Making the Right Call to Avoid Dangerous Germs in Public
My husband Todd’s lung strength is weak from ALS. He’s gotten sick a few times in the last several years, and each time we wondered if he would pull through. It was scary, and it has caused us to calculate the risk of going out in public or receiving visitors in our home.
During the height of the COVID-19 pandemic, people made an effort to avoid spreading germs. Businesses required masks, and most people stayed home if they were sick. While those efforts didn’t entirely stop the spread of the coronavirus, Todd’s doctor said that last year his clinic saw very few cases of traditional colds or influenza.
Another cold and flu season is upon us, and although some people are still vigilant, I’ve noticed more people coughing in public spaces. I know that a cough can linger after a person is no longer contagious, but I’m leery. Todd recently got his COVID-19 vaccine booster, so we aren’t too worried about him getting really sick from that, but any other bug could still threaten his life.
So what do we do? How do we navigate life with compromised lung function in a world of germs? What risks are worth taking?
We both agree that we don’t want ALS to take more of our kids’ childhood than it already has. They need socialization and in-person classroom instruction, so they attend public school and participate in extracurricular activities. When one of them gets a cold, Todd quarantines in his bedroom and office, and I serve him his meals away from the household germs.
Since Todd can’t sleep independently and I can’t do without uninterrupted sleep and still provide care for him, we take the risk of having caregivers in our home. We have a strict policy that they should cancel if they have any cold or flu symptoms, and the same applies to friends and family. We like having visitors, so we are willing to risk the germs to see people we love as long as they are symptom-free.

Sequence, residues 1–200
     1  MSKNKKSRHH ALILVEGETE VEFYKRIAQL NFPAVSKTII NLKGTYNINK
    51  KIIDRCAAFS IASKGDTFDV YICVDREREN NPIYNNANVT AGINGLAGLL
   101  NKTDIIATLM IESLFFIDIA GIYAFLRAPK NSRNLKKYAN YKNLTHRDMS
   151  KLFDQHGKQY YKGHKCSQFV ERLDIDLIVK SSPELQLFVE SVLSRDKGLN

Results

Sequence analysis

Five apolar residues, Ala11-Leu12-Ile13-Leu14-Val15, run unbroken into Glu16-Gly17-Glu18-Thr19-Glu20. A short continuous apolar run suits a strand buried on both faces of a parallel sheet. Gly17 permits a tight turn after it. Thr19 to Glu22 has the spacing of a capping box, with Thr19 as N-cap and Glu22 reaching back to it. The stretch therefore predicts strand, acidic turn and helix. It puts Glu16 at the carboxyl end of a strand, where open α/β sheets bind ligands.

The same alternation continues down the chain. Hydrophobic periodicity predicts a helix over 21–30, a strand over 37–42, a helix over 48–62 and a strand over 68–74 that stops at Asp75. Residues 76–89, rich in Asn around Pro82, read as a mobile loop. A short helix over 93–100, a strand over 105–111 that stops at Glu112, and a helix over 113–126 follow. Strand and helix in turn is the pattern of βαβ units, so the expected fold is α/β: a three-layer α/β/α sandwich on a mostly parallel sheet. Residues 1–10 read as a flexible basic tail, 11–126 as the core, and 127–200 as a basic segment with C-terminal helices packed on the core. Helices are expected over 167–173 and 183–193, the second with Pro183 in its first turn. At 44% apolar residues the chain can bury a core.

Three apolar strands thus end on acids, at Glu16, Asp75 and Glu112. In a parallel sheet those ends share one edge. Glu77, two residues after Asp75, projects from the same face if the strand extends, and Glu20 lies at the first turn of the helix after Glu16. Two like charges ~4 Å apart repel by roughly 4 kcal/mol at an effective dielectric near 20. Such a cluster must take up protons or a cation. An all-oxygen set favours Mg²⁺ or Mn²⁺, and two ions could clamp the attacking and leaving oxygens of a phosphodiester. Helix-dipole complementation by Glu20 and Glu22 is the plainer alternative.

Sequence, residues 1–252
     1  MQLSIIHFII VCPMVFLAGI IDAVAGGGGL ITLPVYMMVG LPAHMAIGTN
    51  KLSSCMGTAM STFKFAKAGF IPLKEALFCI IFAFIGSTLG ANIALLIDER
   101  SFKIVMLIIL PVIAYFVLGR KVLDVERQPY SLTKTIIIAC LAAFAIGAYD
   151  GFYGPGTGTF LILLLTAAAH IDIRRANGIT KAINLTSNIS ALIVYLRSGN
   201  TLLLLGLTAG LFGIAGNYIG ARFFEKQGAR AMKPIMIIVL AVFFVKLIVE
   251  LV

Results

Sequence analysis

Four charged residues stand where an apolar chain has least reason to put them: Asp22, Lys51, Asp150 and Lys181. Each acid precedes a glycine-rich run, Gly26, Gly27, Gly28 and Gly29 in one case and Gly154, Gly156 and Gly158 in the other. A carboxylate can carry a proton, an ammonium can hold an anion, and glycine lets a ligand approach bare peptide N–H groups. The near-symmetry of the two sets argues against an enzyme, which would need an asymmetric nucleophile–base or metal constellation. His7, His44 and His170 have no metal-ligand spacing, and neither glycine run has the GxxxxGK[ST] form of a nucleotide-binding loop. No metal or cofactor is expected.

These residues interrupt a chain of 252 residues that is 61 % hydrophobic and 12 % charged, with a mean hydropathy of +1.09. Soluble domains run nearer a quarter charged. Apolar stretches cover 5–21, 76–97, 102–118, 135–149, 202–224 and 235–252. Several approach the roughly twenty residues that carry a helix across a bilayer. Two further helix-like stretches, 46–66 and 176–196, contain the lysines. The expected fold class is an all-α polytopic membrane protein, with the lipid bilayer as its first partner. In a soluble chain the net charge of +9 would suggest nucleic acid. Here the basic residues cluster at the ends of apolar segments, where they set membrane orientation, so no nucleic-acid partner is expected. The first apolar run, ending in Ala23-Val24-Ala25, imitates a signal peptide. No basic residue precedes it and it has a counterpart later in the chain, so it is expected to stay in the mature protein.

I assess the risk of Todd or me heading out into the public more carefully. How crowded is a space likely to be? What is the culture of the venue we are considering? How likely is it that people with colds will show up?
We used to like getting out to a few hockey games every year, but after our last experience nearly two years ago, when a college student coughed openly on Todd, I’ve decided that sporting events with throngs of excited young adults probably isn’t worth the risk.
We attended our daughter’s school band and choir concert last week. I didn’t hear anyone coughing, and I was glad Todd got to attend.
Last weekend, my daughter and I attended a performance of “The Nutcracker.” I thought it would be relatively safe because the theater has strict COVID-19 mitigation policies, but we were seated a few seats away from someone with a bag of throat lozenges who kept coughing and drinking water. We moved farther away from her at intermission. Maybe she just had a lingering cough and wasn’t contagious, but it made me nervous.
At church on Sunday, Todd and I sat with our son in the back, behind the last row of seats. A handful of people coughed occasionally during the service. “Is the coughing concerning to you? Should we leave?” I whispered to Todd. He shook his head, but he did leave the sanctuary before the closing song was finished so that he could beat the crowd.
Part of me just wants to hibernate. If Todd gets sick, that might be it, but he wants to get out of the house while he still can. I want to make the most of his remaining time with us without shortening it. It’s hard to know what the right call is.
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